The other way in which social underwriting enables us to expand access to capital is because it is practiced by a community of thousands of people, rather than a centralized financial institution. The financial institution is lending large sums of money (e.g. $5,000 at a time), and is usually focused on maximizing profits, so it has a very low tolerance for risk. The community of thousands of people is lending in tiny increments (e.g. $25 at a time), and is more motivated by creating a positive impact in the life of a borrower whose story resonated with them, or financially and emotionally supporting a small business in their own neighborhood, so they are able to tolerate a higher risk of default on the loan. Our repayment rate target for Kiva Zip is 90%, not 100%. Because we believe that if we really want to make a difference for entrepreneurs in places like inner-city Detroit or the Mississippi Delta, we need to accept higher risks than profit-seeking financial institutions are willing to stomach.
When you combine the ability of social data to plug information gaps that conventional underwriting does not account for, with the patient, risk-tolerant, generous capital of Kiva Zip’s community of lenders more motivated by social impact than financial return, you are able to say yes to a much higher proportion of loan applications than financial underwriting permits.
- Social underwriting works as a way to manage risk! See the data points above for three great examples of this. And we’re seeing many other examples of the power of leveraging social data to analyze risk. Consider that Kiva Zip loans with a Yelp profile have a 99% repayment rate, compared to 87% for loans that do not; or that loans with a business Facebook page have a 92% repayment rate, compared to 83% for loans that do not. We’ve only scratched the surface of social underwriting over the last three years. But we believe we’re on the right track.
- Social underwriting is cheap! It’s very expensive for a conventional lender to pore through the credit reports and financial statements of borrowers, and follow up on any discrepancies or question marks. And it’s also very time-consuming for the borrower to assimilate these financial records, especially when many small business owners’ financial transaction histories are far from perfectly organized! For the Kiva Zip team, it’s very cheap for us to assess the riskiness of a loan by requiring a borrower to recruit a number of lenders from their own personal network, or simply waiting for our community of lenders to fund it. Many banks are simply unable to underwrite microloans to small businesses because the cost of underwriting is prohibitively expensive. Social underwriting can help to change that.
- Lastly, social underwriting can drive growth! Normally, improved risk management is in stark conflict with growth. If you aim for higher repayment rates, you implement more stringent criteria around FICO score and collateral requirements, and the number of businesses you are able to approve for loans decreases, probably exponentially. By contrast, the private fundraising period that we rolled out in January has actually been the biggest driver of our growth this year! That’s because, on average, every loan that we post results in 20 new lenders being recruited to make their first loans on Kiva Zip. Our hope, and what we are starting to see in the early data, is that when these new lenders are repaid by their friends or family members (the borrowers that invited them to try out Kiva Zip), they will relend their repayments to support other entrepreneurs on the Kiva Zip platform. Kiva.org recruited about 70,000 new lenders in 2013. If Kiva Zip made 3,500 loans in 2015, and each invited 20 lenders, we could double that number. Where conventional underwriting stifles growth, on Kiva Zip social underwriting is fuelling it!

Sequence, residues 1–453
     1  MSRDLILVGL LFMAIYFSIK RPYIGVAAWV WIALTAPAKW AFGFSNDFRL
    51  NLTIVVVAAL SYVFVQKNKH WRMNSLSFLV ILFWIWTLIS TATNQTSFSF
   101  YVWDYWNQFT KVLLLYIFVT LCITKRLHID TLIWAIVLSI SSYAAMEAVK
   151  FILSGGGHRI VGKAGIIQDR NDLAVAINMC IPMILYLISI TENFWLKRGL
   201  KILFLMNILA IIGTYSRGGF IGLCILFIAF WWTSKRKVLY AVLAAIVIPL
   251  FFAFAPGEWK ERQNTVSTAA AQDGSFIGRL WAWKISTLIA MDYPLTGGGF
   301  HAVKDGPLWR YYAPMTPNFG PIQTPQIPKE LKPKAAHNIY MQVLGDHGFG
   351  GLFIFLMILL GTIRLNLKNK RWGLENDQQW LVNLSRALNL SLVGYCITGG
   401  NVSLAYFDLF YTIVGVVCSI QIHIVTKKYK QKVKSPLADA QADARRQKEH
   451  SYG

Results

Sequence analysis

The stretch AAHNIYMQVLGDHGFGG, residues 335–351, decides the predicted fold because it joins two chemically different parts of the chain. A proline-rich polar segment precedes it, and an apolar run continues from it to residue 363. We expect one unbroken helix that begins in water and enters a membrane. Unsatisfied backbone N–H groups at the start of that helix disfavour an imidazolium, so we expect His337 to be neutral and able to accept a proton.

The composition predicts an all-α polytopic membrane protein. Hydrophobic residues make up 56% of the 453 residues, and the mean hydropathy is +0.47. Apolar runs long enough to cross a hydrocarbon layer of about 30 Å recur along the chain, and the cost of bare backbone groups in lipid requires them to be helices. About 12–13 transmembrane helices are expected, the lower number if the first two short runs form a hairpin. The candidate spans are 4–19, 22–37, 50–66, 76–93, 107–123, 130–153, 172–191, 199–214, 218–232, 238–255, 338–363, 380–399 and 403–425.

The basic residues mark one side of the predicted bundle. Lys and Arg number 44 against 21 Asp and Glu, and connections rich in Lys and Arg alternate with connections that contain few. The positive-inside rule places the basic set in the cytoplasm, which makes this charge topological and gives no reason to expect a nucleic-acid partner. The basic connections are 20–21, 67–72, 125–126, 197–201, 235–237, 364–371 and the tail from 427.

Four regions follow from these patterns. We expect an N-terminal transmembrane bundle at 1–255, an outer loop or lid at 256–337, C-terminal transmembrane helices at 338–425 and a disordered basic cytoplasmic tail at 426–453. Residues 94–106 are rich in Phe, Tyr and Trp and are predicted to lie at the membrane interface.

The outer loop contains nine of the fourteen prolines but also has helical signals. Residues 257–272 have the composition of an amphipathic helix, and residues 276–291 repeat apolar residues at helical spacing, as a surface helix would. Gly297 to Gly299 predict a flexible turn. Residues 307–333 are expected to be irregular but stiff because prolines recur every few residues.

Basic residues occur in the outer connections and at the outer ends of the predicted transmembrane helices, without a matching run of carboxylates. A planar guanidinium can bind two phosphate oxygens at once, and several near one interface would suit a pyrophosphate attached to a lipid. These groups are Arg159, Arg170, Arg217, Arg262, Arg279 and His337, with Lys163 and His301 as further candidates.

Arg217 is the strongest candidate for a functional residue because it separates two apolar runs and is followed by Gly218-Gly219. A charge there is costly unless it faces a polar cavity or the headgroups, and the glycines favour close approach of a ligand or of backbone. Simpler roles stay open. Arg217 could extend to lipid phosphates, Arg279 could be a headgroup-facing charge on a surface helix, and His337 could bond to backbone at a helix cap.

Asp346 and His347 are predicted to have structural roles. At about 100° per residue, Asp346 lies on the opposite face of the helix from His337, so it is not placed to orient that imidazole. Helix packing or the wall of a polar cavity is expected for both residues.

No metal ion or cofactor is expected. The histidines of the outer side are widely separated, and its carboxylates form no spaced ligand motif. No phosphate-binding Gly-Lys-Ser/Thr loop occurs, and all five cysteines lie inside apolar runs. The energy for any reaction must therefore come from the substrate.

So what exactly is social underwriting again?
OK so that’s a lot of words, so how about this for an emerging definition:
To us on the Kiva Zip team, social underwriting means two things.
Firstly, social underwriting is carried out by a decentralized community of people (socially) rather than by a centralized financial institution. Mohammed Yunus, the grandfather of Microfinance 1.0, developed a model that relied on groups of women in rural Bangladesh to socially underwrite loans in a community-based way. With Kiva Zip, we’re exploring new digital instantiations of that concept. In this way, just as AirBnB is democratizing access to hotels, and Wikipedia is democratizing access to encyclopedias, so we see Kiva Zip (and crowdfunding more broadly) as democratizing access to capital.
And secondly, social underwriting employs social data (e.g. on a borrower’s character and standing in their community), as well as purely financial data, to assess borrowers’ creditworthiness and make lending decisions.
Apologies for the epic length of this blog post, but as you can tell, we’re pretty excited about this concept! Thanks for helping us explore it, by your participation in this Kiva Zip community.